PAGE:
That’s why the green teas we source are made during the spring and early summer. As the tea bush awakes from winter dormancy and sends out its first shoots of the year, tea farmers watch the new growth carefully and then use an expert hand to pluck select shoots. These shoots need to be very carefully handled to avoid bruising the fragile young leaves. Soft and flexible bamboo baskets are used for carrying the delicate leaf indoors where it will be processed.
Processing Green Tea
All processing happens within 24 hours of harvest, so the tea maker must move quickly. Depending on the style and region, sometimes the first step is to give the harvest a short, soft wither to allow the leaf to become more pliable and easy to shape. In India and Nepal, it’s more common to skip the wither and move straight to the next step, which is the defining one for green teas: heat treatment.
1-Heat Differentiates Green Tea Vs. Black Tea
The application of heat to the fragile, unrolled and unoxidized leaf is crucial to making green tea. With black and oolong teas, the leaf is first rolled to break open the cell walls before any heat is applied, triggering an oxidation reaction that makes the leaf black. With green teas, hitting the leaf with heat turns off the enzyme that catalyzes the oxidation reaction, preserving the chlorophyll that gives green tea its name.
The type of heat used—dry versus hot—effectively divides the world of green teas in two. Dry heat leads to more floral, nutty, and sweet greens, while wet heat results in a briny, oceanic, vegetal tea with astringent depth and body.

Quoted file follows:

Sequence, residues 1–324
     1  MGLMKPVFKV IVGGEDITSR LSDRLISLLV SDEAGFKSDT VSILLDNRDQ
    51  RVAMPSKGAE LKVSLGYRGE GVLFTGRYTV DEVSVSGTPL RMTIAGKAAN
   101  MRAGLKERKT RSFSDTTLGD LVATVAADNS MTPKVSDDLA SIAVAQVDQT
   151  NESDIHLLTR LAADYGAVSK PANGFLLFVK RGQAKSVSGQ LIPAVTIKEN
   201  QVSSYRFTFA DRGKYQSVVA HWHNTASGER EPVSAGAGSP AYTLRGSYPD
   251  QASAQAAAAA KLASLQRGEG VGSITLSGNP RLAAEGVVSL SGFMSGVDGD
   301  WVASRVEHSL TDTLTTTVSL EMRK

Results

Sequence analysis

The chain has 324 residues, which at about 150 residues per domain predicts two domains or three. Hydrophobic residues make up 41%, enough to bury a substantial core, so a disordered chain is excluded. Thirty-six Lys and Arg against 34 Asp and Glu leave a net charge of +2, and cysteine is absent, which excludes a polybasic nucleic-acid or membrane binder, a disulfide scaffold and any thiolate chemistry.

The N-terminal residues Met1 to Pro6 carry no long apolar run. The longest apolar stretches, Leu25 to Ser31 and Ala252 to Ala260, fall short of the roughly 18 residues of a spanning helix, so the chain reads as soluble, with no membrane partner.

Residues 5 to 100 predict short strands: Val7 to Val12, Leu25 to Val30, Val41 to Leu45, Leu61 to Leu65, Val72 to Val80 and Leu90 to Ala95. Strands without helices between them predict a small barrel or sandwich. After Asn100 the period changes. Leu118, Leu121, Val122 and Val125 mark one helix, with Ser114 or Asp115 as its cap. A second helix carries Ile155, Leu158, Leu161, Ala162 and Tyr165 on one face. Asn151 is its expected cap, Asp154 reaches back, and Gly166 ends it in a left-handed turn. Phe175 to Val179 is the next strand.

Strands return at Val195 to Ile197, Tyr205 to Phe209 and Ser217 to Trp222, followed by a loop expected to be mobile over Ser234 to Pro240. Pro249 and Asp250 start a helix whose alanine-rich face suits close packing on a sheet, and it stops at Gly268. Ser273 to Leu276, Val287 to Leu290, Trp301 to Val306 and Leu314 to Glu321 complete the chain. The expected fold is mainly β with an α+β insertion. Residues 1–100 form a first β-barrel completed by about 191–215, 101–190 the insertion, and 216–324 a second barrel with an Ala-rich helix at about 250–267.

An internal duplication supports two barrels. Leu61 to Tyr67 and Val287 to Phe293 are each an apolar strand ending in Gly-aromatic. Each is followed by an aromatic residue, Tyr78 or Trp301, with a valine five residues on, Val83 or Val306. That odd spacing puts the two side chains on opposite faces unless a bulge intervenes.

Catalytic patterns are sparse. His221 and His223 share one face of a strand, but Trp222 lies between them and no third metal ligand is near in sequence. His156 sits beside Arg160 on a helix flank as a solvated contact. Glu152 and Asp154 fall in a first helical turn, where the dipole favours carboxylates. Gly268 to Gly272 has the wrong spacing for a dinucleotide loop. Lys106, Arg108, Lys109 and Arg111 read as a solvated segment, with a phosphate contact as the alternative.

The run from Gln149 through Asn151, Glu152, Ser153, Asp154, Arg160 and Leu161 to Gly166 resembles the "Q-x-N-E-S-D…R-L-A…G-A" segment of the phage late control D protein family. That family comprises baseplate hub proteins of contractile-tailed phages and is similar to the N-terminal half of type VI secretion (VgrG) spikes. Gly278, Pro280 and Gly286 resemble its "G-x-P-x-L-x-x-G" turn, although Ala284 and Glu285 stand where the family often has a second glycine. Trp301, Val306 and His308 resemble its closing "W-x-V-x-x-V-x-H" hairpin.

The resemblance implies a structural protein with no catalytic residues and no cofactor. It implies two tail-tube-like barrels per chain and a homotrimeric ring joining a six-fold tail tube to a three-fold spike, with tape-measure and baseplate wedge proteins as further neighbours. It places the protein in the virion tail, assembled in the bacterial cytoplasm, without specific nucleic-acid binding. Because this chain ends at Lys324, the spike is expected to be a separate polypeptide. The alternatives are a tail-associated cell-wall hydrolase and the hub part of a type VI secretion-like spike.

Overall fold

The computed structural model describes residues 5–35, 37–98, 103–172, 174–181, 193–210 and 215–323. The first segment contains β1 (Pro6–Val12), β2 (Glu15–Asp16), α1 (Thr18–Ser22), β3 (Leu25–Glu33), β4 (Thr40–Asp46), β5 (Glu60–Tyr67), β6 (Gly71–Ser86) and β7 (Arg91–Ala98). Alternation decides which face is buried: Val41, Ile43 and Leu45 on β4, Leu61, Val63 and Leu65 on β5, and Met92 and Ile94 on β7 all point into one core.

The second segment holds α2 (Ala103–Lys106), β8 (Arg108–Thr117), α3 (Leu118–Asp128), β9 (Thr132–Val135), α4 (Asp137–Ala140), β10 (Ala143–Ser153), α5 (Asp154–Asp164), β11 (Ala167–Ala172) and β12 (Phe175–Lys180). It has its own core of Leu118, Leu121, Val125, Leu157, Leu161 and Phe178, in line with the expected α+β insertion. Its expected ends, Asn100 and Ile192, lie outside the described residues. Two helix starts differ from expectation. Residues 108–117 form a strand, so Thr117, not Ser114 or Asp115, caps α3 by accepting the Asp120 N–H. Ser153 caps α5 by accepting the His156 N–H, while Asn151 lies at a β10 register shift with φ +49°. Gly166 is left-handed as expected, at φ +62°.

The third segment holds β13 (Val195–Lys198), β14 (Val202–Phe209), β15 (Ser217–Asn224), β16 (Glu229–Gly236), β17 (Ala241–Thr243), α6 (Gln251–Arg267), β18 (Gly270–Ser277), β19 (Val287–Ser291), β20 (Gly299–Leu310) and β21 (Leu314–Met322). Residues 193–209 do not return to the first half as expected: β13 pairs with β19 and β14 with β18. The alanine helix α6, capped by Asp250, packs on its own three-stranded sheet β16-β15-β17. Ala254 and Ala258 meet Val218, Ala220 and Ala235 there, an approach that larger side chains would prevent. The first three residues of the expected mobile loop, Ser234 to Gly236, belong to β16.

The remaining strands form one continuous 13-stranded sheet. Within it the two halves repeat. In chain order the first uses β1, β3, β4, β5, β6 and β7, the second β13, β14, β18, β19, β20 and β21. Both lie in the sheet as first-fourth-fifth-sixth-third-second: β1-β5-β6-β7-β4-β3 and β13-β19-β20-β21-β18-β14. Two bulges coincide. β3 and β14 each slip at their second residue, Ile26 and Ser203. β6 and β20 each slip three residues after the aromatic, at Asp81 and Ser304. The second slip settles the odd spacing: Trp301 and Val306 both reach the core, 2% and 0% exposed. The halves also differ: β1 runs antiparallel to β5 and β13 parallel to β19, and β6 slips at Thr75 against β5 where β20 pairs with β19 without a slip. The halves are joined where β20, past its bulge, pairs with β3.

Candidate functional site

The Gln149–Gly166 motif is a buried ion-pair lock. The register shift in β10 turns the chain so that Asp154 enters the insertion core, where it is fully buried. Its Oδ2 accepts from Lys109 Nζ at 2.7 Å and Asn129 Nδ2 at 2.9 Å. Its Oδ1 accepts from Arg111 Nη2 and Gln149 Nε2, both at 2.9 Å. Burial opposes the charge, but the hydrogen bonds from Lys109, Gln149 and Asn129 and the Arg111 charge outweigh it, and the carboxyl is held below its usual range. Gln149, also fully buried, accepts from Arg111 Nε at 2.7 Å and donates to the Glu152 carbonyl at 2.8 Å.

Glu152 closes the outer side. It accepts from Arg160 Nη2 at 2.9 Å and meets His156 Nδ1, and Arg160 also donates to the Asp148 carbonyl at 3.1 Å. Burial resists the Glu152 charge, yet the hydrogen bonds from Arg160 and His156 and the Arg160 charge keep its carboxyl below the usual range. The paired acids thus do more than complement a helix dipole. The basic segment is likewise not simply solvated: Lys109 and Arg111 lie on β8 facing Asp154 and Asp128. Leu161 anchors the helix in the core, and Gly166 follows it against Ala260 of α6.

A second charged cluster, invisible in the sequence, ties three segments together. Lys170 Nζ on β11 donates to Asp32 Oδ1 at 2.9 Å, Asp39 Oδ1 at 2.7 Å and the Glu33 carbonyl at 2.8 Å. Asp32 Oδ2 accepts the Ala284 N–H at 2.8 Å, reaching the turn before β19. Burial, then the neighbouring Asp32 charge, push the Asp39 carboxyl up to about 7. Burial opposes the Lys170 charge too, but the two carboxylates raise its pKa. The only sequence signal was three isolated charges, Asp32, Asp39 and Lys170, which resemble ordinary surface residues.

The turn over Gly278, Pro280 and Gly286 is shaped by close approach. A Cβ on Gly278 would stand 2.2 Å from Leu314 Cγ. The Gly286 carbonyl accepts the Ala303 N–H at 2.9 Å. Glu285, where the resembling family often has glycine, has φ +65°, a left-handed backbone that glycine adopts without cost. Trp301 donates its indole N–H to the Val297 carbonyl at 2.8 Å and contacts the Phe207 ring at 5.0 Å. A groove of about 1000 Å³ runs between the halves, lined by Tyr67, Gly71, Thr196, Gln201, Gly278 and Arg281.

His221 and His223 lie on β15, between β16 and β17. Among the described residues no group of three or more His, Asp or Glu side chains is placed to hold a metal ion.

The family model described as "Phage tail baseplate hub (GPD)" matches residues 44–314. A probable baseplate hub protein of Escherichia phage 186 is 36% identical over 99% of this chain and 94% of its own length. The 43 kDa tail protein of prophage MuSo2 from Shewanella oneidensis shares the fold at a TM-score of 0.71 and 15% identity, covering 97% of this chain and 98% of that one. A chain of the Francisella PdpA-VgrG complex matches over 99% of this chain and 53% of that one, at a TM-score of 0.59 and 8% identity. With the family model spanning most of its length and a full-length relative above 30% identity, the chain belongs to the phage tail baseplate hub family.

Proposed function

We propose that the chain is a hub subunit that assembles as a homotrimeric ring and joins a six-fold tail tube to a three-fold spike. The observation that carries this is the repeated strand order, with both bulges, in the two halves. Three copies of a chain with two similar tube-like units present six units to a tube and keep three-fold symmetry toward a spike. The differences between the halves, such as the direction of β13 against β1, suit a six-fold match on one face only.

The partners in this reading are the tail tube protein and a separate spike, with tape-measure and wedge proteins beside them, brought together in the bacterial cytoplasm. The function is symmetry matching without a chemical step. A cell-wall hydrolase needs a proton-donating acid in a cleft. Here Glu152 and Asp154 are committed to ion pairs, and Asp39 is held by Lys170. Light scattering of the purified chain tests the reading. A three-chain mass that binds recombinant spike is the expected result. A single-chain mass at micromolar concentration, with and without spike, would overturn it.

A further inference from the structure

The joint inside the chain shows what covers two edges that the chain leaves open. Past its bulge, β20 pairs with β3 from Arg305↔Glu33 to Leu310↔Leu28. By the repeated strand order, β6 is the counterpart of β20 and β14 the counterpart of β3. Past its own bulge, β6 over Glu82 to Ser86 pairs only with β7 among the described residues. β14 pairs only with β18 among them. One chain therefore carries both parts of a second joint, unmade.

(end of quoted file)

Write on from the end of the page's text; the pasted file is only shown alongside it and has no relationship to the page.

Dry heat is the more common method globally, and it involves a hotter heat. Sometimes called roasting or pan-firing, the style was developed by Chinese tea makers and traditionally done in a wok, with someone continually stirring the leaf by hand or with a bamboo paddle to avoid burning. Today, a more common and efficient (though less picturesque) way of replicating the wok is to use a long rotating metal cylinder mounted horizontally, with the axis running parallel to the ground. Leaf is loaded into one end of the revolving heated chamber, which spins and slowly ushers the leaf to the exit at the far end. When the leaf is at the bottom of the cycle, it comes into direct contact with hot metal grates. Then, it eventually tumbles down to the bottom, cooling as it falls through the air to prevent burning. All of the green teas we source, including our popular Darjeeling Green, are created with a dry heat.
The other method of applying heat is to use a wet heat, typically through steam close to 100° C. This style of heat is a comparatively low temperature, which fires up a briny, oceanic, vegetal tea that has astringent depth and body. The Japanese perfected this method, and the steam is applied for a quick blast, no more than a few minutes.
2-Rolling The Leaf
After the initial heat, green teas are often rolled to break open the cells and coat the exterior of the leaf with the essential oils that give green tea its strength and vegetal flavor. In India and Nepal, this is often done with small versions of the same rolling tables that are used to make black teas, which allows for more precise and gentle rolling.
3-Shaping The Leaf